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Eric A Halvorsen


Chief Warrant Officer Erik Anders Halvorsen was born on February 22, 1963 in Bennington, Vermont. He graduated from Mount Anthony Union High School and went on to earn a Bachelor’s Degree in Electronic Engineering at the University of Hartford in 1986. He joined the Army in 1987 and entered the Army’s helicopter program. In 1998, he left the Army for civilian life in aviation but returned active duty in June 2000 as a Warrant Officer.

Erik was a career soldier who served in Korea, Bosnia and Operation Desert Storm. He was killed on April 2, 2003 when his UH-60 Black Hawk helicopter crashed in central Iraq.

A career soldier, Chief Warrant Officer 4th Class Erik A. Halvorsen, 40, of Bennington, Vermont, an Army pilot stationed with the 3rd Army Infantry Division out of Fort Stewart, Georgia, was killed on April 2, 2003 when the Black Hawk helicopter he was flying crashed near the city of Karbala in Iraq.

According to the soldier’s mother, Dorothy Halvorsen of Bennington, her son joined the Army after earning a bachelor’s degree in electronic engineering at the University of Hartford in 1986. By the time he deployed to Iraq the officer was no stranger to serving his country in dangerous places. In addition to serving in Korea, he also served in Bosnia and in Operation Desert Storm.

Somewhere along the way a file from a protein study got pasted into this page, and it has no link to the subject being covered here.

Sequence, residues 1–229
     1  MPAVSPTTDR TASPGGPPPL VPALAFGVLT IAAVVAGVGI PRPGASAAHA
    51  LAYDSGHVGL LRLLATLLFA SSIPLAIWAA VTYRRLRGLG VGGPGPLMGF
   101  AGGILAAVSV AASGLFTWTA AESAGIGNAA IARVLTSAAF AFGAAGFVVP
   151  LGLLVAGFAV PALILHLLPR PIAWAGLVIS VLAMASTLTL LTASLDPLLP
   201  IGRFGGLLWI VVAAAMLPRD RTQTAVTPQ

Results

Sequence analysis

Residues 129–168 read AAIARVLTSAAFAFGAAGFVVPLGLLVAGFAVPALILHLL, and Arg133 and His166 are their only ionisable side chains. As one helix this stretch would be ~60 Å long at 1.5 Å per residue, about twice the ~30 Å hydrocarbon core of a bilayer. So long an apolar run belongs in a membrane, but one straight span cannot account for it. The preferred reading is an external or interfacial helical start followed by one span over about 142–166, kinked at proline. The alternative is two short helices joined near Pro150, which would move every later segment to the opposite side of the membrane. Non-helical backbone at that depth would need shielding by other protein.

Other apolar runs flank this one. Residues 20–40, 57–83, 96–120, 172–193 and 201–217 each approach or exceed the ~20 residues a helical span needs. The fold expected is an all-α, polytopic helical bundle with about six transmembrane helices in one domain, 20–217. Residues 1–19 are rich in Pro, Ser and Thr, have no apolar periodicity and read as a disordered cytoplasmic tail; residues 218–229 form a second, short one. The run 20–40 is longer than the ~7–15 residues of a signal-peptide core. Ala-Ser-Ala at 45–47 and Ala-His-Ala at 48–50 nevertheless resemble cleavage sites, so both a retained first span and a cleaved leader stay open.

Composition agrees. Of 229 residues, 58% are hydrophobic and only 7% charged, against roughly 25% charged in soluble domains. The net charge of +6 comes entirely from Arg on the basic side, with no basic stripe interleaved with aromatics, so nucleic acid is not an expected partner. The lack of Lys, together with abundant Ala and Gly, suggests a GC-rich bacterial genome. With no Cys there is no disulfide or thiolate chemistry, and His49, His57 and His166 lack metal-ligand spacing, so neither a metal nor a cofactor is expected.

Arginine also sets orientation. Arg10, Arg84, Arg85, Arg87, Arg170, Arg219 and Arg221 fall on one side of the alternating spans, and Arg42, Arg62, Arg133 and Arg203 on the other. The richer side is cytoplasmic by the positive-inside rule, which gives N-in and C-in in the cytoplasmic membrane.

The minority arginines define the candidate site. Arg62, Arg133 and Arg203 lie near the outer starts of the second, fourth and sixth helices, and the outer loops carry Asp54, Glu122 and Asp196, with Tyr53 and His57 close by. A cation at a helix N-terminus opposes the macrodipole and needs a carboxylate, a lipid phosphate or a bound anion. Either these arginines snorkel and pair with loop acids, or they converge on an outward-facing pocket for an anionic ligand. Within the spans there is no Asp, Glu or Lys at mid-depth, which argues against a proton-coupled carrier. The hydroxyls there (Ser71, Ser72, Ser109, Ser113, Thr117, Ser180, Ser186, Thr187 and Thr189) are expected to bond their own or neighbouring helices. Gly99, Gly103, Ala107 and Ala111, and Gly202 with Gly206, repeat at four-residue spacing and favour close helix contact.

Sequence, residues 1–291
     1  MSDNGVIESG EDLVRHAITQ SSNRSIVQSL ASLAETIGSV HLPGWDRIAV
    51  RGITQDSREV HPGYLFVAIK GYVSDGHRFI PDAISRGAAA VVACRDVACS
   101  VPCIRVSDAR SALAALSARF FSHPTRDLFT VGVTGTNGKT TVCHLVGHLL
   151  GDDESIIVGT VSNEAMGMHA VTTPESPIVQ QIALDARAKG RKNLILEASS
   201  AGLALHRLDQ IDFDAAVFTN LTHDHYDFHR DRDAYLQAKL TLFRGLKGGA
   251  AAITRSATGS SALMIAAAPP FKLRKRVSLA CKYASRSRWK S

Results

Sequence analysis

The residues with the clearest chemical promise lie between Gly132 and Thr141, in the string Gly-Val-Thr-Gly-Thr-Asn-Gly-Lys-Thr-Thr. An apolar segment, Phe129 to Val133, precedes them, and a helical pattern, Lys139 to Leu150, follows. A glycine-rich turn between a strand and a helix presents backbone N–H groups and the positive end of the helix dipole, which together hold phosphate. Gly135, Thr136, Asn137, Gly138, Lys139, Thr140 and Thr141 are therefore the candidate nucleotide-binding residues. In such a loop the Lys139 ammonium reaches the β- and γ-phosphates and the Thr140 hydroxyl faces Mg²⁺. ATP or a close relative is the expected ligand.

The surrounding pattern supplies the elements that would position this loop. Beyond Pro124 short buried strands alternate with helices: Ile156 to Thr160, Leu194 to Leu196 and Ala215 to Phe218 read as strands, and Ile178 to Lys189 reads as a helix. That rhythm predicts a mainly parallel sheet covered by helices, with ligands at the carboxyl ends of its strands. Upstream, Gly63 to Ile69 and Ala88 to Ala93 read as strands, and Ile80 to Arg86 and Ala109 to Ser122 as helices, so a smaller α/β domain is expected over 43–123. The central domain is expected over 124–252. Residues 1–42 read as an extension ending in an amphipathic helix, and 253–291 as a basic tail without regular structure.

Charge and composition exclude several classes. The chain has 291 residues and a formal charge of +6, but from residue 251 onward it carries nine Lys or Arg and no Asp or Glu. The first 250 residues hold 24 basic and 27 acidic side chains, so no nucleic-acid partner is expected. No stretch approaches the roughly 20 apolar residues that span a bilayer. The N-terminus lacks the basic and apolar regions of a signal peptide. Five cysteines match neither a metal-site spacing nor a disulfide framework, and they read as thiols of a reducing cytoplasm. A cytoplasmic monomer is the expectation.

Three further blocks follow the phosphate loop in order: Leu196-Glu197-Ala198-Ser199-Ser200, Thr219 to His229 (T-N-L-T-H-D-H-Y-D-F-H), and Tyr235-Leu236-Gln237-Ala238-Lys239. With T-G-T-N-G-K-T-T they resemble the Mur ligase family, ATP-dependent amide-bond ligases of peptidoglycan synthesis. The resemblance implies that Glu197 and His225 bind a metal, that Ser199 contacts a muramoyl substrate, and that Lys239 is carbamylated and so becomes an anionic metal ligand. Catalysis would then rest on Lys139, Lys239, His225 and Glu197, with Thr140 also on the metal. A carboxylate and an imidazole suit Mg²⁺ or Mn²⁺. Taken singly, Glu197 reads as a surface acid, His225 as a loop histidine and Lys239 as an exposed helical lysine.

However, his mother said she knew her son’s last assignment, the one that sent him to Iraq, was different from all the previous assignments. He was headed into some extremely dangerous territory.

“Erik was my only son, and was a career soldier,” she said. “He left the military once to try out commercial piloting, but he didn’t like it. He also went through OCS and became a commissioned officer. He seemed most happy with his friends in the Warrant Officer group. He loved flying and died doing what he loved.

His death leaves a big hole in the hearts of his parents, and three sisters. The officer didn’t have any children.

Reflecting back onto her son’s life, Dorothy Halverson said, “He loved scuba diving, cycle racing, and most of all, downhill skiing. He spent winter vacations here skiing all over Vermont. He was quiet and honest man, and he was a great guy. We miss him so much.”

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